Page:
Both the total amount of Survival Points a player has accumulated as well as the rate at which they are gaining survival points are displayed on the scoreboard. One can see the total accumulation of Survival Points clearly on the scoreboard. The rate at which a player is gaining points through food, thirst, and comfort, however, is displayed chromatically as the color of the background behind their name. Omnomnomnivore, for example, has a cyan bar. She is rapidly gaining points because her Acrocanthosaurus is well fed, well hydrated, and likely very comfortable. Anomalocaris and mrmaskedman are also playing quite healthy creatures, as their names are displayed in green. Though all ranges are not displayed on this particular screenshot, the total color spectrum ranges from an unhealthy crimson red, to orange, yellow, green, and then bright cyan to represent a very healthy creature. Red bars represent players who are likely undergoing some duration of extreme stress such as crossing an Ocean or suffering the full brunt of a very nasty storm. These players will be gaining very little points in comparison to a healthier creature.

Points from Hunting

A Successful Hunter Reaps the Bounty

Carnivorous players receive Survival Points for successfully hunting other players under certain circumstances. When a hunt is successful and a player is slain, the players in the pack that were nearby when their prey died will be rewarded with Survival Points.

  • Points are not awarded for killing your own kind under any circumstances.
  • When a player is slain, the players responsible for the hunt will be granted a fraction of the total points the slain player had collected.
  • If more than three players are sharing points from a successful hunt, the point value will begin to diminish.
  • Hunting creature larger than you will grant more points than hunting creatures smaller than what you are currently playing as.
  • Since total point reward is a fraction of the points the player who was slain possessed, feeding kills to a friend will likely not be a very efficient means to increase one's score.
  • Herbivores do not gain any points for killing another creature.
  • Piscivores currently do gain points for slaying other creatures, but this may be changed in the future.

Points for Exploring

While Herbivores do not gain any Survival Points for killing other creatures, only they are granted additional points for exploring and finding new sources of water. A player who is drinking from water sources their creature still finds to be interesting will accrue points substantially faster than one who is drinking from the same water source repeatedly. Drinking from a water source that is still interesting will yield points while the player is filling their thirst. Once filled on water, the player will receive no additional points for continuing to drink. If a player drinks saltwater, they will lose points in identical value to what they would have gained had they drunk from an interesting freshwater source. This is to ensure that it is mathematically impossible for a player to increase their score by deliberately consuming saltwater, then consuming freshwater, repeatedly to gain point value from filling their thirst meter at interesting freshwater sources.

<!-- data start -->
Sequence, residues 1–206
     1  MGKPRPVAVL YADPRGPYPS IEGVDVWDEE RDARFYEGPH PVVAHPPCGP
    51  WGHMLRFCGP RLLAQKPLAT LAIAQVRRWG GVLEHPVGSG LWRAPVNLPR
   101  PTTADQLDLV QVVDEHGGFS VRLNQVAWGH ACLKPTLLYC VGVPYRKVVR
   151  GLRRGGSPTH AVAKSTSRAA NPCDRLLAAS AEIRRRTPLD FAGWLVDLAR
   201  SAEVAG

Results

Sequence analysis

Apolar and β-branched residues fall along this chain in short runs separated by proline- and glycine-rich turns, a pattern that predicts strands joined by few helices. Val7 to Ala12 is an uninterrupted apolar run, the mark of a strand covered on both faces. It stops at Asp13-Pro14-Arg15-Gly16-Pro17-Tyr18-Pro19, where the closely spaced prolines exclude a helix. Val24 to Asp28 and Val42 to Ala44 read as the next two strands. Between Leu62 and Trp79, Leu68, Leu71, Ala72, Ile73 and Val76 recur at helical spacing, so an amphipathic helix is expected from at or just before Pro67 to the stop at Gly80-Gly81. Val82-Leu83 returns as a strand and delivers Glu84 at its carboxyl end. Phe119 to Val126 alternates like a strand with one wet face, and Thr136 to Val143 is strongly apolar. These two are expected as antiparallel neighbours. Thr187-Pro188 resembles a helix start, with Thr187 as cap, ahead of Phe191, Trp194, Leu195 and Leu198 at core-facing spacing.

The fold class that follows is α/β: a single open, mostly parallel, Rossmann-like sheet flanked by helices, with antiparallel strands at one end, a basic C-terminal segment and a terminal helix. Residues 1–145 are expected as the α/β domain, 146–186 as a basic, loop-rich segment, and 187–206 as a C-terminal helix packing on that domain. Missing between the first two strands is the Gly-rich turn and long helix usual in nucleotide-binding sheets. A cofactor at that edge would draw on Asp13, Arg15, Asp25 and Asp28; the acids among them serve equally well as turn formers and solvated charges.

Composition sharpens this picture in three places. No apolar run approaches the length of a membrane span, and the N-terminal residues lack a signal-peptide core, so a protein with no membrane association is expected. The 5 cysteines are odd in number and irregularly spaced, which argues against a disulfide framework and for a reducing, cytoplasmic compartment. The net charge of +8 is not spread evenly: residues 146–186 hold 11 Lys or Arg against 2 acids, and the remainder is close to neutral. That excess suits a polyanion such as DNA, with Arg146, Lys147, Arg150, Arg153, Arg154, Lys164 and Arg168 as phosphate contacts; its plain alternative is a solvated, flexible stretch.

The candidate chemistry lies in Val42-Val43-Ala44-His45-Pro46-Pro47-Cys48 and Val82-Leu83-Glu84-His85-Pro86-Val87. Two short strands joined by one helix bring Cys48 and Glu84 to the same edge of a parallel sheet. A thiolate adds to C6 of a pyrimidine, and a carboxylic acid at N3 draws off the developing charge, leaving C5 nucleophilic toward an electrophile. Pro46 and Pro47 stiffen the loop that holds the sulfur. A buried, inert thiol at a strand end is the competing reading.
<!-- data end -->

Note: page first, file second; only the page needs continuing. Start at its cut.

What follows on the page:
A player will exhaust their herbivore's interest in a water source after they have filled the equivalent of 100% of water value from that source. Under regular gameplay circumstances, this will likely take anywhere between 15 and 30 minutes depending on how frequently the player tops off their thirst. As a player's creature begins losing interest in a water source, different dialogue will show up in the chat window when they begin drinking from the water source.

  • You are excited by a new water source!
  • You are still excited by this familiar water source!
  • This water source still interests you despite its familiarity.
  • This water source is beginning to feel boring.
  • You are completely bored of this water source.

When you are completely bored of the water source, you gain no additional points from drinking from this source. Any state of dialogue prior to complete boredom will yield identical amounts of points.

A source will feel interesting once again to a player's herbivorous creature if they do not consume any water from the source for 30 minutes. At that point, the player can treat that water source as any other unexplored water source, reaping full point benefit once again.

Foliage and Map Items

A Grotto Harboring Many Consumable Crystals

There are some plants that grant points when consumed. There are also comfort crystals located deep in some caves and temples that grant points when consumed. These can be targeted and consumed by players interested in roaming around to these areas to deliberately increase their Survival Points. Some of these areas can be very dangerous to get into so caution is advised. Many players also like to deliberately eat these crystals or flowers, as some of them grant significant comfort bias as well as point value, and can be a highly coveted resource. Competition may turn even your own kind against you!